Brexit is upon us. What does it mean for governing law and dispute resolution clauses in international commercial contracts?
A combination of an English law clause with a London jurisdiction/arbitration clause is a popular choice for international commercial agreements. Should this choice be reviewed as a result of Brexit, as the recognition and enforcement of these clauses are governed by EU instruments (mostly the Brussels I recast, for jurisdiction, and the Rome I and Rome II regulations, for choice of law)?
During the transition period, which started last week and will end on 31 December 2020, Brexit will have barely any impact: EU law remains applicable to the relationship between UK and EU parties, and the Court of Justice of the EU retains jurisdiction for the interpretation of these rules.
As from 1 January 2021, the situation becomes much more complex if the EU and the UK do not agree on a bespoke private international law agreement in replacement of the EU rules.
- Applicable law: keep calm and carry on?
English law clauses will continue to be recognised by EU courts, as the Rome I and Rome II regulations have a universal application (i.e. they must be applied by EU courts even when the law of a third State, such as the UK, is designated by choice of law clauses or the other rules set forth by the regulations). In addition, the Withdrawal Agreement provides for transitional rules whereby the Rome I and Rome II regulations continue to apply respectively in respect of contracts concluded before the end of the transition period and events giving rise to damage that occurred before the end of the transition period. However, companies should assess on a case by case basis whether the impact of Brexit on substantive English law rules could justify the designation of another applicable law. If contract law is likely to remain mostly unaffected, this will be different for other areas (such as employment law, consumer protection, data protection, etc.).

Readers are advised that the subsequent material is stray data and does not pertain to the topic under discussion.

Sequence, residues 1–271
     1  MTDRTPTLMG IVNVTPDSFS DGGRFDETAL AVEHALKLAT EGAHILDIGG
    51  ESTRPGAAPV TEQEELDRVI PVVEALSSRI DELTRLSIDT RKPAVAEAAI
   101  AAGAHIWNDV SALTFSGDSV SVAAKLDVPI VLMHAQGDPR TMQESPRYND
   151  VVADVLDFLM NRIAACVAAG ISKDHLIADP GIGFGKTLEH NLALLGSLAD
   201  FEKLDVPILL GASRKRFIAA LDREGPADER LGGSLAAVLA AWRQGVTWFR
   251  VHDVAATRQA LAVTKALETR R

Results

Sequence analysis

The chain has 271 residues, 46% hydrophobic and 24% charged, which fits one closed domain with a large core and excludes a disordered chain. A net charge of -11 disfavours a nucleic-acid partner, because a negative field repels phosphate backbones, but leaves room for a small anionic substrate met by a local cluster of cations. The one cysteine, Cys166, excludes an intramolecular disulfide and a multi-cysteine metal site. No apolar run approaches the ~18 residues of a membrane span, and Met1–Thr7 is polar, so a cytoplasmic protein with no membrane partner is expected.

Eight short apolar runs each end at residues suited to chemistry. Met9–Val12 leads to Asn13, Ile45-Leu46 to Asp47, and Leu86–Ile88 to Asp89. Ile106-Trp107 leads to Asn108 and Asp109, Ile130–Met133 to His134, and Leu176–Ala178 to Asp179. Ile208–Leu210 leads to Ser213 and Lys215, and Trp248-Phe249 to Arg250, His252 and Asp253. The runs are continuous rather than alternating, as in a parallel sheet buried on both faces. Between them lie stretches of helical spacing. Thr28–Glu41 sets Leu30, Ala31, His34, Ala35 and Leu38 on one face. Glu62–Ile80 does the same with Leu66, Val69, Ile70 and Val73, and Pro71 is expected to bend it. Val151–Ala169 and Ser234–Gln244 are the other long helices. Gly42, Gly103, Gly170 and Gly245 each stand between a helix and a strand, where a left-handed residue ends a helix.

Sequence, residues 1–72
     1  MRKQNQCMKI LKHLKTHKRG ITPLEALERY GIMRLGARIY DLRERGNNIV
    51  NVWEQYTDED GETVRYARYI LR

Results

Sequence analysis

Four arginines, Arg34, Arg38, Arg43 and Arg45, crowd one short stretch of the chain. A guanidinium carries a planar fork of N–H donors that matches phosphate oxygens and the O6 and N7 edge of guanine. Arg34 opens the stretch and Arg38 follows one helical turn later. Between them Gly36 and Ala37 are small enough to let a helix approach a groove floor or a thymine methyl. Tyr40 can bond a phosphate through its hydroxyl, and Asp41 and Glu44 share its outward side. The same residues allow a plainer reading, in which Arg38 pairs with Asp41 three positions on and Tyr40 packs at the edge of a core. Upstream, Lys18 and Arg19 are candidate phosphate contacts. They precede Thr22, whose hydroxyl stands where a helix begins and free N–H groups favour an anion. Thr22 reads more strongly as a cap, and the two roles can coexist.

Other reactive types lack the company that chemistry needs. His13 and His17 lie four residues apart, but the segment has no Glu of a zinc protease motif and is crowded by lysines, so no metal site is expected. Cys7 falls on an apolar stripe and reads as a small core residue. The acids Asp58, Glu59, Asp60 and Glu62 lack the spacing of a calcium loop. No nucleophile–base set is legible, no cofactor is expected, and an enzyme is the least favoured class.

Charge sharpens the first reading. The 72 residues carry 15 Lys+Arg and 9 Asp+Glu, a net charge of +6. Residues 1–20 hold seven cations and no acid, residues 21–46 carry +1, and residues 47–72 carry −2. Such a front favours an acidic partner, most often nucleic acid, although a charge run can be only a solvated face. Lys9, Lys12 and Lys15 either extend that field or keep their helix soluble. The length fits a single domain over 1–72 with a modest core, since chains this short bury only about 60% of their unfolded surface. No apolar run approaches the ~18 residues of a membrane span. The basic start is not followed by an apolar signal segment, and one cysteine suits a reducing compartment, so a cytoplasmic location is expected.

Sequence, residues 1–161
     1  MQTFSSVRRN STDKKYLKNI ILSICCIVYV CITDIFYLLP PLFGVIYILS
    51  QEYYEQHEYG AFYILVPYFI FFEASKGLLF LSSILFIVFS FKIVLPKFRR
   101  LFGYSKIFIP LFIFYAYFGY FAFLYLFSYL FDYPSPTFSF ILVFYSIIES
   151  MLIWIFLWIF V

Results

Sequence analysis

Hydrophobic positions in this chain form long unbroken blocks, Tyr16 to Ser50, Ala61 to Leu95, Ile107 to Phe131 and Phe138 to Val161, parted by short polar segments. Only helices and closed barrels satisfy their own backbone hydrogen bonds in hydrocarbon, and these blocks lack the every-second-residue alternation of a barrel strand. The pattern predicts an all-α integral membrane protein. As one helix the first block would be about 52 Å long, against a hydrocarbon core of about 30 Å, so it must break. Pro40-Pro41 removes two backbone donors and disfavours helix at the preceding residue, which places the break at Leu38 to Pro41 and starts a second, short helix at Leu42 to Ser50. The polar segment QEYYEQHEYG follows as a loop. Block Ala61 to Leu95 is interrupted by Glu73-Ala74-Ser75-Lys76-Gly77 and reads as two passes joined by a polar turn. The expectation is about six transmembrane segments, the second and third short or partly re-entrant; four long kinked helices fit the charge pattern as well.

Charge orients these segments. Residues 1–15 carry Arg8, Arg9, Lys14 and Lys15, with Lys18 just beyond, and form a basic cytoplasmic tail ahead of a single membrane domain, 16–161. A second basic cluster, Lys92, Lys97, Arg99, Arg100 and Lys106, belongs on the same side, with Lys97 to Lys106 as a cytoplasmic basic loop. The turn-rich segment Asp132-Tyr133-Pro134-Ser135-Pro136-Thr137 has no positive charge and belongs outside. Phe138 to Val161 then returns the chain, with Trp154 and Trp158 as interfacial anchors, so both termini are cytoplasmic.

- Competent courts, recognition and enforcement of jurisdiction clauses and judgments: fog in channel?
Save from the potential application of international conventions (such as the 2005 Hague Choice of Court Convention, or the 2007 Lugano Convention if the UE were to agree to the UK's accession to this convention), these questions will be governed by the domestic private international law rules of each Member States. In Belgium, English jurisdiction clauses, and the decision of English courts, should be recognised and enforced as a general rule (subject to enumerated grounds for refusal, such as the breach of Belgian public order or of the rights of defence). However, as opposed to EU judgments that are directly enforceable, English judgments will have to obtain the exequatur of a Belgian court. The Withdrawal Agreement only contains specific transitional provisions pursuant to which the Brussels I recast regulation would remain applicable for the proceedings instituted and the judgments rendered before the end of the transition period, which means that proceedings started after the transition period on the basis of jurisdiction clauses concluded before the end of this period will not benefit from these transitional rules.
- International commercial arbitration: much ado about nothing?
The impact of Brexit on commercial arbitration will be limited, as this field relies on an international convention (the 1958 NY Convention) and is excluded from the main EU instruments. The question is more complex with respect to investment arbitration, as a result of the aftermath of the CJEU’s Achmea ruling, which ruled intra-EU investment arbitration contrary to EU law. Investors may consider structuring their investment differently, in order to benefit from the protections offered by the investment treaties concluded by the UK with EU Member States.